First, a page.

Algal bloom in Utah Lake’s Provo Bay begins spreading north
UTAH LAKE — A day after public health officials issued a warning about an algal bloom in Utah Lake, experts say the bloom appears to be spreading north and could reach the Jordan River in the coming days.
Thursday, officials warned people to avoid Provo Bay because of high concentrations of blue-green algae, saying such blooms of cyanobacteria have the potential to produce harmful levels of toxins.
Friday, officials said the bloom appears to be spreading north and may reach the Jordan River in the coming days. Water quality tests are pending to assess the risk to public health.
Officials say not all of Utah Lake is affected, but the public is urged to avoid Provo Bay and any water that appears dark green or that contains heavy scum.
“We want people to enjoy Utah Lake during this holiday season, but we want them to be mindful of the presence of algae that have the potential to produce toxins, “ said Erica Gaddis, the Water Quality Director for the Utah Department of Environmental Quality. “The bloom has the potential to shift with changes in wind patterns over the weekend and the public should watch for areas of scum.”
Satellite images show the bloom heading north, following a similar pattern to that seen with last year’s bloom that shut down Utah Lake. The press release also states that preliminary information from samples taken this week suggest lower counts of the algae than were measured last week.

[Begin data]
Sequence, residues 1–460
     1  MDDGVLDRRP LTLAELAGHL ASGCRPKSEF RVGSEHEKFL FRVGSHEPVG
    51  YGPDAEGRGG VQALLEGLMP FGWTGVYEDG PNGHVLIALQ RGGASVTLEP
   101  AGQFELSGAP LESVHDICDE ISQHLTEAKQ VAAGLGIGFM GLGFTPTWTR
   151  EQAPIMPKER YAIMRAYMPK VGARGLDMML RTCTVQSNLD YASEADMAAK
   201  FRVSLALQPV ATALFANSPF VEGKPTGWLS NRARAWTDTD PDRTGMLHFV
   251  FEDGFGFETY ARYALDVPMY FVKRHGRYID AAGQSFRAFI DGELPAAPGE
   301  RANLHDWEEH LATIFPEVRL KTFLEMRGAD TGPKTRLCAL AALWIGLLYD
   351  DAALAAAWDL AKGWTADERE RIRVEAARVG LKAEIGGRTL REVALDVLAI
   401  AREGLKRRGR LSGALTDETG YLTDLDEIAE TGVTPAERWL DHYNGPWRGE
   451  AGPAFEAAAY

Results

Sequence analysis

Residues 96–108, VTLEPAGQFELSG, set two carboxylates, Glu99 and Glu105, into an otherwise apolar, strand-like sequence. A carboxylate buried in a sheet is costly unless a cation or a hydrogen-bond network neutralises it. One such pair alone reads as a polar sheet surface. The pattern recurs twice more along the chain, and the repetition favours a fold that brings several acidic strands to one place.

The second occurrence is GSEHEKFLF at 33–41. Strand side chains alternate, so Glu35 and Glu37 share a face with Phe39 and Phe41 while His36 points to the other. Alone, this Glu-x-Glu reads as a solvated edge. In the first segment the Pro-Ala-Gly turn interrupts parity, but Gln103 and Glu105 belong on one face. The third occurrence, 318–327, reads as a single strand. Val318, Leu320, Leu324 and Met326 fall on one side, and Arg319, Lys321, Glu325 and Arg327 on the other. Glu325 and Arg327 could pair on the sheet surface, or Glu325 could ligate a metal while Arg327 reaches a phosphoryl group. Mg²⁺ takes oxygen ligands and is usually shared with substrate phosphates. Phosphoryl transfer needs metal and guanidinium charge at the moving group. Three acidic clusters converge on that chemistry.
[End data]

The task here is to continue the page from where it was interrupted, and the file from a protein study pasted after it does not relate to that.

The Salt Lake County Health Department is monitoring the Jordan River and related canal systems for potentially harmful algae, but as of Friday they have not observed any algal blooms in those waters.
The most recent tests taken near Provo Bay indicate the presence of the toxin microcystin, but the press release states those levels are “well below the Environmental Protection Agency’s health-based threshold for recreational waters.”
Experts will continue to test water samples and monitor the developing situation in Utah Lake.
While blue-green algae are a natural part of many freshwater ecosystems, certain conditions can lead to rapid growth and result in large blooms. Those large blooms of cyanobacteria can become harmful to humans and animals.
High levels of nutrients combined with warm temperatures, abundant sunlight, and calm water contribute to the growth of such algal blooms, which is why they often occur in summer. This bloom comes a few weeks before the one-year anniversary of the discovery of a large algal bloom that shut down Utah Lake last year.
Symptoms of exposure to cyanobacteria include headache, fever, diarrhea, abdominal pain, nausea and vomiting, and sometimes an allergic-like reaction from skin contact. Anyone with concerns about possible exposure to cyanobacteria should contact the Utah Poison Control Center at 800-222-1222 or consult with their physician.